S H E M A!
a forum for listening
Gary A. Parrett, Communications Director
Hear, O Israel: The LORD our God, the LORD is one. And you shall love the LORD your God with all your heart and all your soul
and all your strength." (Deuteronomy 6:4-5)
Without question, listening is one of the fundamental obligations of God's people. The text above is the famous 'shema' of Israel's faith, so-called because of the first word in the Hebrewthe imperative form of the verb 'to hear' or 'to listen.' The importance of listening is continually reaffirmed throughout the Biblefrom the refrain of the Hebrew prophets, 'hear the word of the LORD,' to the words of Jesus in the gospels, 'He who has ears, let Him hear,' to James' exhortation that all should be 'quick to listen, slow to speak, slow to anger,' to the ending of each of the letters to the seven churches in Revelation 2 and 3, 'Let the one who has an ear hear what the Spirit says to the churches.' God's will is clear: we who claim to be His must be a people of open ears, minds and hearts.
As I begin to serve NAPCE as the new Director of Communications, it is my deepest desire to do whatever I can to encourage our organization to become, more faithfully, a community of listeners. I am therefore proposing this new column, "Shema!" as one forum for our listening to one another and, together, to our Lord. Whether or not the idea has merit or staying power is, of course, to be determined by all of us who are NAPCE.
Here is what I propose. As editor of the NAPCE Newsletter, I will regularly set aside space for discussion of ideas and the sharing of our hearts. Any topic is fair game. All NAPCE members are invited to participate by sending in their questions for discussion, comments for response, etc. In consultation with other Board members, I will make any hard choices necessary about which offerings to choose for publication and what portions of the entry to print (these editorial responsibilities may be even more needful if space becomes an issueI certainly hope it does!). Once a discussion-starter is published, then responses will be welcome and will be subject to the same ground rules.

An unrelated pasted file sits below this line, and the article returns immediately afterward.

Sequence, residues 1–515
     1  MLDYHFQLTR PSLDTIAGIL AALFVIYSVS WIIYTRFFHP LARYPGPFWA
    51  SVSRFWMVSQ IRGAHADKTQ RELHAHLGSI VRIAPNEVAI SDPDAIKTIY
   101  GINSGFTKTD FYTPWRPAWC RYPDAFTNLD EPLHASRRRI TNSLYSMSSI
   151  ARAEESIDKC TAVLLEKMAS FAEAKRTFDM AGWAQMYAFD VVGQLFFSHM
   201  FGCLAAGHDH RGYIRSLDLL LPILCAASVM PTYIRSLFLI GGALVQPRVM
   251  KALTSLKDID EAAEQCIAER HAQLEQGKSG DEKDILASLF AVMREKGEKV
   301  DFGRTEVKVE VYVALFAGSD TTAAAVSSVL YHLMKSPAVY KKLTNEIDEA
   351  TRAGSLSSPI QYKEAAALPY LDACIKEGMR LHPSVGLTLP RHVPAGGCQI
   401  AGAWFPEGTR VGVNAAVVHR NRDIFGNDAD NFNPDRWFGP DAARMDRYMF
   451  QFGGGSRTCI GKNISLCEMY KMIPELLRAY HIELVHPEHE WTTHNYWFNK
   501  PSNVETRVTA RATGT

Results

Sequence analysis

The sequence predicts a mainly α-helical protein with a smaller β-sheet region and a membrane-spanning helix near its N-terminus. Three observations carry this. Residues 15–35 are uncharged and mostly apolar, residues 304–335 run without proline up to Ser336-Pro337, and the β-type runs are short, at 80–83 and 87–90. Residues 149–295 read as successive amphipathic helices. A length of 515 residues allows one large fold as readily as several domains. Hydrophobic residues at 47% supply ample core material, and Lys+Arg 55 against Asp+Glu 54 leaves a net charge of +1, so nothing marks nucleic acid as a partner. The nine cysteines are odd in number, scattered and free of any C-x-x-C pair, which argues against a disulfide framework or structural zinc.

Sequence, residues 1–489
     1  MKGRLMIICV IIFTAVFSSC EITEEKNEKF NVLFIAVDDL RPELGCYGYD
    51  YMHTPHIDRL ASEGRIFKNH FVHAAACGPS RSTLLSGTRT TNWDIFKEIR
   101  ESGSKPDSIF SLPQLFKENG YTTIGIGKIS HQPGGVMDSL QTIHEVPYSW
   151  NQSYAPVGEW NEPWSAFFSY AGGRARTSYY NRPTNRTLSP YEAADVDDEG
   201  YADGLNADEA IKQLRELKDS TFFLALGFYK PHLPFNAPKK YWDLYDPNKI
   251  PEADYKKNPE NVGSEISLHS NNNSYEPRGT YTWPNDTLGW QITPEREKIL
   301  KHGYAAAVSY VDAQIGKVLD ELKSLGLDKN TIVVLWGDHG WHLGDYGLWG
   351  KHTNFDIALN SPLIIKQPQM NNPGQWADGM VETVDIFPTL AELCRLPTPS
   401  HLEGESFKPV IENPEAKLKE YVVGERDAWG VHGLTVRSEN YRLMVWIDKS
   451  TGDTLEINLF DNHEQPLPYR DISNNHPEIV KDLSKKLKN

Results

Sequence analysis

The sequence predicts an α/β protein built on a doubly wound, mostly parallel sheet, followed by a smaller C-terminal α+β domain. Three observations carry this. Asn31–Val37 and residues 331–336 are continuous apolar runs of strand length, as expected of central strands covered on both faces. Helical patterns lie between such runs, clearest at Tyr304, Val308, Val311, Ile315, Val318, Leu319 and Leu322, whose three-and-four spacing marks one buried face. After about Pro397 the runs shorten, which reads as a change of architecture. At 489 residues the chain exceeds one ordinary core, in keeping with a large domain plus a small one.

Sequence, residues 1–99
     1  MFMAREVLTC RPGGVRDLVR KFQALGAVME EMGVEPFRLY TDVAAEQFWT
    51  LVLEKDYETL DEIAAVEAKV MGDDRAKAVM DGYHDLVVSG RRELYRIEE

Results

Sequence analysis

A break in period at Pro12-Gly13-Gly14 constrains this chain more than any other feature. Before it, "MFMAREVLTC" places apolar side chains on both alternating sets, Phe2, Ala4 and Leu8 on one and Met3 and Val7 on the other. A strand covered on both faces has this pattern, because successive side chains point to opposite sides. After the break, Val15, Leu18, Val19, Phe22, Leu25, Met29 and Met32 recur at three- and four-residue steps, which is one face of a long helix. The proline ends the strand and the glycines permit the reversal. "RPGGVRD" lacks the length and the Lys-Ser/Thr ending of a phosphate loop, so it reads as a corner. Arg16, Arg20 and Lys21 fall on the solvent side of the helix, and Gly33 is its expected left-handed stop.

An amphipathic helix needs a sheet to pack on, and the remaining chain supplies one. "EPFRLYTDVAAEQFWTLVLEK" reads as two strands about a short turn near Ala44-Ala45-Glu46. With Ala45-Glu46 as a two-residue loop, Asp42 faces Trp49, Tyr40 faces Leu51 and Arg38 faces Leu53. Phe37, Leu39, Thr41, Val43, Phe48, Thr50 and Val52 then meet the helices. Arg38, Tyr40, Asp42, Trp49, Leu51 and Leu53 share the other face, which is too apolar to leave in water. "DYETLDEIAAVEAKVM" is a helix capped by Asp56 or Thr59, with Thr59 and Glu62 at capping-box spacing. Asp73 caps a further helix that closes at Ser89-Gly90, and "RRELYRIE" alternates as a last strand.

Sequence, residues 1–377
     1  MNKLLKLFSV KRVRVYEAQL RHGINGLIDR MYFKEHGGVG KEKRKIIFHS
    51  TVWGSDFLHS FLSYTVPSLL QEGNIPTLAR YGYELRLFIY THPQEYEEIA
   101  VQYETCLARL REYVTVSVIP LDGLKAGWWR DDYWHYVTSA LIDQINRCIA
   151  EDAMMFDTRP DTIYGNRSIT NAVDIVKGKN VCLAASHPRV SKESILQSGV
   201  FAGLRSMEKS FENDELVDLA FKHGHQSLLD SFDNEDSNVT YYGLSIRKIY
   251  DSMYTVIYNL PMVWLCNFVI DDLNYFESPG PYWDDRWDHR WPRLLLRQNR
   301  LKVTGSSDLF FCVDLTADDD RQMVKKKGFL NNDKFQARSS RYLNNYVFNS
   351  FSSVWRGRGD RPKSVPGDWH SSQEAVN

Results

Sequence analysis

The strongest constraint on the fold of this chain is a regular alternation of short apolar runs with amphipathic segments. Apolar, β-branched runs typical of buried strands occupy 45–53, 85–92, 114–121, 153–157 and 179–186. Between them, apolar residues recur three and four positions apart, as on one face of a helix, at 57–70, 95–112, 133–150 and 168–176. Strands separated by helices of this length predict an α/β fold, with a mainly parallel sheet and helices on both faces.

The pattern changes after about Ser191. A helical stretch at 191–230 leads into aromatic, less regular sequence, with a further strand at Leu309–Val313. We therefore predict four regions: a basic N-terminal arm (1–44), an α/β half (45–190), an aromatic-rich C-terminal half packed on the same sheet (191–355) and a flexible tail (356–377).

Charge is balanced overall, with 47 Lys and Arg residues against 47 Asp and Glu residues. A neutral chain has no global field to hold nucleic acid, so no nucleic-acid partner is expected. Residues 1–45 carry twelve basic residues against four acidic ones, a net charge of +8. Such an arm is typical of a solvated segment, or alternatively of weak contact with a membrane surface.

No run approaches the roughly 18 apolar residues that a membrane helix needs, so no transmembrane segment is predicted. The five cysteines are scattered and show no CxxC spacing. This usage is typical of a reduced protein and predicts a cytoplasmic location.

Hopefully, we will be able to move swiftly to an on-line version of "Shema!" which will have much more potential for promoting real conversation in our midst (stay tuned for news on this).
Three further ground-rules before we formally begin:
1 - All comments must be submitted to the Lordship of Christ before being submitted to the Newsletter (see Matthew 12:36 and Ephesians 4:28-30 for clarity on this point).
2 - All comments must be 'signed.' That is, no anonymous comments or responses will be printed.
3 - All comments should be accompanied by an address of some sort, hopefully an e-mail address. Beyond what is published in the newsletter, it is my hope that numerous mini-conversations can begin.
Finally, let me set before us all the example of the great listeners whose stories are recorded in the Book of Acts: There are the leaders of the church at Antioch, listening to God together in mutual submission (Acts 13); there are the many participants at the Jerusalem Council (Acts 15); the Bereans, in Acts 17, nobly listened to the word Paul brought them; and there are my personal favoritesthe three who listened carefully to one another in Acts 18the couple, Priscilla and Aquila, and the dynamic young preacher, Apollos.
It is because of this biblical emphasis on listening that I put this new column before you as a forum for listening rather than as a forum for talking.
For now, I'll be awaiting your discussion-starters. Please forward them to me at [email protected]
James Plueddemann Receives Distinguished Christian Educator Award